96. Self-Esteem

I think I’m wonderful, and have thought so pretty consistently for the past five years. Before that, I thought so many times, but not as consistently. Many friends, family members, teachers, and one psychotherapist seemed to want me to feel good about myself, and whatever they did worked. I could elaborate, but I don’t want to be obnoxious about it. Suffice it to say that what I used to think were my delusions of grandeur turn out not to have been delusions.
Probably some of you are annoyed by my first paragraph. Most people are taught either not to think they’re so great, or if they do, not to let on that they think so. As I’ve worked with children, I’ve tried to help them see how admirable they are; I’m not the only one I consider wonderful. If I were, I’d be arrogant, and that wouldn’t be wonderful.
I’m not like Will Rogers; there are people I don’t like. None of them are children; children haven’t had time to develop the traits I don’t like. As a teacher and parent, I’ve tried to help them develop into likable, capable adults.
Counting this sentence, I’ve used forms of the first person singular pronoun twenty times so far in this article. The rest of this article will not contain any forms of that pronoun. Using it too much can start to seem egocentric. This mental exercise is challenging, but it will help direct the focus toward people who need help developing self-esteem.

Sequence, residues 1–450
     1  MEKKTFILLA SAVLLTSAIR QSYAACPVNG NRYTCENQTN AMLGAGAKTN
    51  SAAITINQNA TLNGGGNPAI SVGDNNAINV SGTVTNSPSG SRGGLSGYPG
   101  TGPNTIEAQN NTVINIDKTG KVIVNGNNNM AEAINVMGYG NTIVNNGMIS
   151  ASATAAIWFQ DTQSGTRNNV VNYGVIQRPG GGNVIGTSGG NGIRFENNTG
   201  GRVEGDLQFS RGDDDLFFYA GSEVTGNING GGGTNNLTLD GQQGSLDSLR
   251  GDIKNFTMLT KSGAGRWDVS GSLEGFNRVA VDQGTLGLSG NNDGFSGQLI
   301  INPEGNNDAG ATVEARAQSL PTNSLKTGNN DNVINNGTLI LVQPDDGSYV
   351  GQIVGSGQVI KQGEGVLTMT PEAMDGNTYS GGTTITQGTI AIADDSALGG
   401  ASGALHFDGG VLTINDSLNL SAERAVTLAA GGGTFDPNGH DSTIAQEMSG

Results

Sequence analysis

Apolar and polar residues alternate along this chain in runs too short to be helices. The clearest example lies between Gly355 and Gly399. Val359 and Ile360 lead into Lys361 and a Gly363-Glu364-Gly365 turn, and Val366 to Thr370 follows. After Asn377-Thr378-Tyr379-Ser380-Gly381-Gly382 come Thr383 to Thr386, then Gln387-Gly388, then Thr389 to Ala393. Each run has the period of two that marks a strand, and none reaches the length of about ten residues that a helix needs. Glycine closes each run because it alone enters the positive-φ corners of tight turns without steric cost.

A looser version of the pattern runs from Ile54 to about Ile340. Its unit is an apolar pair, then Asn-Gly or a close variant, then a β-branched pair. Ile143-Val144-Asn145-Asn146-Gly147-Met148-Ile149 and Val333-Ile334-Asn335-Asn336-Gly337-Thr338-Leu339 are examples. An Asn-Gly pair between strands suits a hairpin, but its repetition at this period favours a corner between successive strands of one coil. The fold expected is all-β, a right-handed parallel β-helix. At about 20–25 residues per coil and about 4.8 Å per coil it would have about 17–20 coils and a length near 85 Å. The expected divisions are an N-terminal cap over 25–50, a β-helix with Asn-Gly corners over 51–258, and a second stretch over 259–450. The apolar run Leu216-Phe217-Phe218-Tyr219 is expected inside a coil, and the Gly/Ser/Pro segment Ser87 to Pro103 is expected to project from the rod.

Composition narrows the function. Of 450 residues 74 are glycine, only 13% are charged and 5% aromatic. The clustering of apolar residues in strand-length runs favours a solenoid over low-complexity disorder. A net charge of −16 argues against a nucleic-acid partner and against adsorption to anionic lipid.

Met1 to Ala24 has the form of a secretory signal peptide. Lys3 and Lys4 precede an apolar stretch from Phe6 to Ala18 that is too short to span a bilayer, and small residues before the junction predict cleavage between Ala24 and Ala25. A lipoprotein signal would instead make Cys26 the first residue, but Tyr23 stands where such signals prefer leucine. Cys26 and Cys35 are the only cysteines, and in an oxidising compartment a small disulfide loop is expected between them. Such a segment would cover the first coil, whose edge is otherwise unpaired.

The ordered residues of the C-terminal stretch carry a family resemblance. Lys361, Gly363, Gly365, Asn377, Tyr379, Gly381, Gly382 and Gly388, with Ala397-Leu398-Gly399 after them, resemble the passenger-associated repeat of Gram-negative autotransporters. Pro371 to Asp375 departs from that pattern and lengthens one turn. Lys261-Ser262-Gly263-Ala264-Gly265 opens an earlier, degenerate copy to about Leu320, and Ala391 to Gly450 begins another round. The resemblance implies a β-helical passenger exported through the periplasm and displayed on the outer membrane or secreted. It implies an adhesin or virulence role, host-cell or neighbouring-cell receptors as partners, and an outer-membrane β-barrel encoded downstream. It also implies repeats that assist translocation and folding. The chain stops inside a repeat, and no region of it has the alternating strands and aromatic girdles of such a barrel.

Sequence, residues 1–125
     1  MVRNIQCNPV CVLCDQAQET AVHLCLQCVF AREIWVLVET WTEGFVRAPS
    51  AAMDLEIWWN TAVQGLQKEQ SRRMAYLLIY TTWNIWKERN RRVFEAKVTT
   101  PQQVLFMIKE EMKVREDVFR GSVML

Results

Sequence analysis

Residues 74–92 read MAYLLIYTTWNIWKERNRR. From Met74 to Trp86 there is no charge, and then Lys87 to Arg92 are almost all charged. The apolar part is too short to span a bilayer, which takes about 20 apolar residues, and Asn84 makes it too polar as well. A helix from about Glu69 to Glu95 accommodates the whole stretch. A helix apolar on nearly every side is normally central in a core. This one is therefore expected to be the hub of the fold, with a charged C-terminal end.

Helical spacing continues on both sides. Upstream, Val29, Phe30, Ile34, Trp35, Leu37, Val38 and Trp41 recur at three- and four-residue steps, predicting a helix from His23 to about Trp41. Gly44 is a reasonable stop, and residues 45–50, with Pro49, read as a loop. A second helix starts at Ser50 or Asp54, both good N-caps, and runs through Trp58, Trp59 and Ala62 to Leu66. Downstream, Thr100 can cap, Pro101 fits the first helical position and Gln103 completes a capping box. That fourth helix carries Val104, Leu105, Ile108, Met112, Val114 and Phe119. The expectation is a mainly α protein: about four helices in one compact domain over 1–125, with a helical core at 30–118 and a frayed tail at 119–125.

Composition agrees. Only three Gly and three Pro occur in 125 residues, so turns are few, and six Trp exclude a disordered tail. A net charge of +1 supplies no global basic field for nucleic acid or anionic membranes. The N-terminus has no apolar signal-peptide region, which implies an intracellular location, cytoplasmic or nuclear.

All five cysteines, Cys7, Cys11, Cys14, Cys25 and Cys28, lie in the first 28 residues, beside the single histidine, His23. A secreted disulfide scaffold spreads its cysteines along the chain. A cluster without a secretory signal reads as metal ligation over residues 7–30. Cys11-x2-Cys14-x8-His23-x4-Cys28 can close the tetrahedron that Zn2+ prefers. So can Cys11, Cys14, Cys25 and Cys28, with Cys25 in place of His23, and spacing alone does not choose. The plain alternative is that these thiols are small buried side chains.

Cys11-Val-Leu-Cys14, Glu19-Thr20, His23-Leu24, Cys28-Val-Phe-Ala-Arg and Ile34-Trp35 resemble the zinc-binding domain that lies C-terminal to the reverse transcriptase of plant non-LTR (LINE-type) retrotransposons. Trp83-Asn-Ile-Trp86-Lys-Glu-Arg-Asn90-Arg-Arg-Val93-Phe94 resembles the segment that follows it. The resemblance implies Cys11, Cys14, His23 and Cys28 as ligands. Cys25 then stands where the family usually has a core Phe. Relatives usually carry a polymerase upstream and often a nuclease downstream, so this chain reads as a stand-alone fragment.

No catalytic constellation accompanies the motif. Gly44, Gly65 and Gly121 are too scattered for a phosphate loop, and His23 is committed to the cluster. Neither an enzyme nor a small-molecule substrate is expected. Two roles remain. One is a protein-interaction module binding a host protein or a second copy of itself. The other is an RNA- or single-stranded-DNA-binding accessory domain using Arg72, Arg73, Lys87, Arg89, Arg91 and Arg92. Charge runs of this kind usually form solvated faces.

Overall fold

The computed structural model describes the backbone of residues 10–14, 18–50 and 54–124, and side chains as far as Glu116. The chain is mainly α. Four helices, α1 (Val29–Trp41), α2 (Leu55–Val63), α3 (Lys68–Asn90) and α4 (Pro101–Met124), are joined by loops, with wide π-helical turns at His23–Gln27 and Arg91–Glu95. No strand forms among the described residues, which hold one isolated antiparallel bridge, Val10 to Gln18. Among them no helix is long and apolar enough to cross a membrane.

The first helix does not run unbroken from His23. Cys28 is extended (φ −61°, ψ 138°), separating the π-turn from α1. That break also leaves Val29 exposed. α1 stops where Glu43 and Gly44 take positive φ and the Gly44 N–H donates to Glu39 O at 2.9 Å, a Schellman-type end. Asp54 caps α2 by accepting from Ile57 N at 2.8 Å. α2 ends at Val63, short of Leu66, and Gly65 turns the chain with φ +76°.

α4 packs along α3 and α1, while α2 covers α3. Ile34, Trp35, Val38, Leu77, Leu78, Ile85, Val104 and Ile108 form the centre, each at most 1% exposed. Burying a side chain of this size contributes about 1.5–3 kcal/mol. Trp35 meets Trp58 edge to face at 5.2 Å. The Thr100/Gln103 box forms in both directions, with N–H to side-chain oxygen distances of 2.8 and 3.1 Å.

If we want to teach children to value themselves, we need to learn to enhance our tendency to respond positively to them, and to rethink our responses to signs of self-esteem. We have to redefine “bragging,” or do away with the use of the word altogether. The only kind of self-appreciation that is destructive is the kind that hurts others, either by putting them down, or by perpetuating some antisocial behavior.
Our culture and most of our religions teach the virtue of humility. But isn’t humility the belief in our fallibility? If we are fallible, it’s hard to fault other people for being fallible. And if we’re all fallible, then fallibility doesn’t seem so bad. And if people are able to overcome whatever guilt or shame they’ve come to feel because of their fallibility, good for them, and good for the people who helped them in the struggle.

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